When is a cover song better than the original? Only you can decide. This week Death Cab For Cutie takes on Björk “All Is Full Of Love.” MAGNET’s Ryan Burleson pulls the pin. Take cover!
Songs that have compelling back stories, to me, always provide a more enriching listen than, say, those context-less pop nuggets contrived to reference a feeling or an event that never really happened. “All Is Full Of Love,” the fifth and final single from Björk’s third album Homogenic, has just that kind of a story. For most of the ’90s, the Icelandic singer established herself as a legitimate solo artist, easily breaking out of the shadow of her former band, the Sugarcubes, by dropping the band’s guitar-based sound and going electronic. Where the Sugarcubes were merely a cult band in the U.K. and U.S., Björk quickly became a household name in those markets, selling far more records and garnering ubiquitous critical praise. But toward the end of the century, the visionary singer began to feel unfulfilled and isolated, detached from the lively feelings and people she craved the most.
After spending months in the mountains of Spain, largely alone, Björk struck out on a walk one day that marked the changing of the seasons. It was now spring, and the surrounding beauty and wildlife would not let her feel melancholy any longer. In an interview with Record Collector, Björk unpacked the inspiration at length:
“That song’s from a moment when I’d had a pretty rough winter and then it was a spring morning and I walked outside and the birds were singing: Spring is here! I wrote the song and recorded in half a day. It just clicked, you know: you’re being too stubborn, don’t be so silly, there is love everywhere. The feeling, the emotion of the song was like completely melting and loving everything and feeling like everything loved you, after a long time of not having that. The song, in essence, is actually about believing in love. Love isn’t just about two persons, it’s everywhere around you.”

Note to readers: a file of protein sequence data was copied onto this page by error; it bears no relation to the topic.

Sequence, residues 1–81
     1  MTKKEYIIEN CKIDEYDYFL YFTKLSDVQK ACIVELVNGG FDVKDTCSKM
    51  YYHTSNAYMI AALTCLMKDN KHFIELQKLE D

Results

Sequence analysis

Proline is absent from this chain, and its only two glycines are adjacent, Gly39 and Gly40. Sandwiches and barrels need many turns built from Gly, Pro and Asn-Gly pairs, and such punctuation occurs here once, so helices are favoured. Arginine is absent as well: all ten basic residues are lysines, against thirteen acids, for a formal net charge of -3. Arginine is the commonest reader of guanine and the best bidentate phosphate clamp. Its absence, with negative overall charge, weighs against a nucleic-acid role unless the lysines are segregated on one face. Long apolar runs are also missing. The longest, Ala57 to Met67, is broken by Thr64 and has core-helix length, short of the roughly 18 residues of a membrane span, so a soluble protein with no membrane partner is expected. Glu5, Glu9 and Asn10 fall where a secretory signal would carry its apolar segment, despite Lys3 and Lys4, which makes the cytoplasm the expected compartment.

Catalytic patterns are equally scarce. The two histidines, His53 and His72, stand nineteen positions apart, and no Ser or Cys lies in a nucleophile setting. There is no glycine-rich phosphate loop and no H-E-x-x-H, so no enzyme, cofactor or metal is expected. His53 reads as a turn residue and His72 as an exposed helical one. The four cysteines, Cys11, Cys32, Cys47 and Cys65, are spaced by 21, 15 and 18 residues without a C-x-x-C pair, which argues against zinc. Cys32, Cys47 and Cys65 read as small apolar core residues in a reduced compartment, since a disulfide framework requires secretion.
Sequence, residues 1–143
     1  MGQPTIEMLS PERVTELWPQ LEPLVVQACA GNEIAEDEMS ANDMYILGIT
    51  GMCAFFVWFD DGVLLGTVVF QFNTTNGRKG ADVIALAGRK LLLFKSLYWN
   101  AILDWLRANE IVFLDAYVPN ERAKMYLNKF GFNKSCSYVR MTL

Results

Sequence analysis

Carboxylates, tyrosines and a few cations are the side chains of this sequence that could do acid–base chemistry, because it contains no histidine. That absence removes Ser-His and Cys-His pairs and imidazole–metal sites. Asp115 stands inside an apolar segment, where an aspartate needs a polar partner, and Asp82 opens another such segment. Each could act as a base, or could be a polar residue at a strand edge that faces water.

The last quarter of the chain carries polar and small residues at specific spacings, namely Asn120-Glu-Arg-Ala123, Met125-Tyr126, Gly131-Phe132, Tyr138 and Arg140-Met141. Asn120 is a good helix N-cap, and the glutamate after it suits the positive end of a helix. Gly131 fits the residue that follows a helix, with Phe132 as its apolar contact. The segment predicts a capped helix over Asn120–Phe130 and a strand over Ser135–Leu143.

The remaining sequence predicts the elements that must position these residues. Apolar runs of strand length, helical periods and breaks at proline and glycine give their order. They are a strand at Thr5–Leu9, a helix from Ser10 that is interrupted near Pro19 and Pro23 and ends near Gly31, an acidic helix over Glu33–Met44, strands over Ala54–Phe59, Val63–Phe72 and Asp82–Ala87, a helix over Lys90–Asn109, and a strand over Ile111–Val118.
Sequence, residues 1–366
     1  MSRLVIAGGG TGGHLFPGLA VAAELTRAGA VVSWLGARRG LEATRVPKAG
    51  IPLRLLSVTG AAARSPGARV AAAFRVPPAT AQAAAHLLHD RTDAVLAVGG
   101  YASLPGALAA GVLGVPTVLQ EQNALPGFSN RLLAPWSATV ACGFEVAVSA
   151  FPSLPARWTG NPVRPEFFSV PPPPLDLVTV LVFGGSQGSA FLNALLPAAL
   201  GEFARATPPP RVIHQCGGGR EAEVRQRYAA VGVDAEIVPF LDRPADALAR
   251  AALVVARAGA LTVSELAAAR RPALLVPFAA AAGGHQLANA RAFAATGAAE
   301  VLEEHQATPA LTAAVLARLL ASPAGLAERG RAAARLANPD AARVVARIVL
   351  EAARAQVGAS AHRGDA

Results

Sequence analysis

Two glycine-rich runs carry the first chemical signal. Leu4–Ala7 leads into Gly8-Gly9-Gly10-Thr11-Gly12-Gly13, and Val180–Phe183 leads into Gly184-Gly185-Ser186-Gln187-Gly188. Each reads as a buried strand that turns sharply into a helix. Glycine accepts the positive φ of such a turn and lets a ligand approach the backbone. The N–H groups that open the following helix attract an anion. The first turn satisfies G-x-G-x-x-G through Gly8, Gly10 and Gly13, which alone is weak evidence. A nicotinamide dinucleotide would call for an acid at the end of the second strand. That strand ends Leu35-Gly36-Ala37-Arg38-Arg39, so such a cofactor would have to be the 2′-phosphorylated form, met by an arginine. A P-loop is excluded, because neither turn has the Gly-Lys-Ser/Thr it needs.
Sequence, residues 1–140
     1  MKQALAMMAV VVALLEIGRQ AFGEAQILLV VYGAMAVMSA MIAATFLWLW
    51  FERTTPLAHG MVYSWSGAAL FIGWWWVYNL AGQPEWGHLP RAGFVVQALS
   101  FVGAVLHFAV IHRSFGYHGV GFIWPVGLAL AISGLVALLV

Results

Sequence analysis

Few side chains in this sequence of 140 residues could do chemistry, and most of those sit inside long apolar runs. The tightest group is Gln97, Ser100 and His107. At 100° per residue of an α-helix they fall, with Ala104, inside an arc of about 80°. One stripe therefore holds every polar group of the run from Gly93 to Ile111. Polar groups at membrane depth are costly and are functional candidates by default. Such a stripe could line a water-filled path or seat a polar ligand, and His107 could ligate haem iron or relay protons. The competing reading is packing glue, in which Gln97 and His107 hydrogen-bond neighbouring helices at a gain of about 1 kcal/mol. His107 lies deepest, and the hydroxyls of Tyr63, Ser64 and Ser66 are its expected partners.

If you’ve heard “All Is Full Of Love,” you know that Björk captured this feeling quite accurately and, more importantly, in a way that only she could deliver. Its austere, trip-hop production is compelling on its own, but her soaring vocal line and the majestic simplicity of her lyrics make the track unforgettable. Where others might have translated the woodsy inspiration more literally (“There’s A Blue Bird On My Shoulder” and “The Sun Will Come Out Tomorrow” come to mind less as examples of pop cousins of “All Is Full Of Love” than extreme examples of this type of thinking), Björk ensnared Mother Nature’s vigor in a way that feels primitive and authentic, articulating her inspiration more in a calm whisper than a boisterous shout.
For its part, Death Cab For Cutie managed to give the song an added intensity—primarily, a brush-stick break-beat stands in place of the original’s plodding rhythm—while respecting its atmosphere. Guitarist Chris Walla’s staccato-ed single notes chime in between snare hits like clockwork, and Ben Gibbard’s vocals are delicate, but not sophomoric. Unlike last week’s non-competition, Death Cab’s “All Is Full Of Love” represents one of those rare times when, for me at least, the cover rivals the original. Appearing on 2003’s Stability EP, it aligns comfortably next to the polished, cerebral indie rock the band was making so well at the time. In that sense, for people who caught onto Death Cab early, “All Is Full Of Love” serves as a marker of the band’s glory days, a time when it was still the industry’s best kept secret. I’m sure more than a few Sugarcubes fans can relate to the feeling that adjoins that secret getting uncovered.
Cast your vote wisely.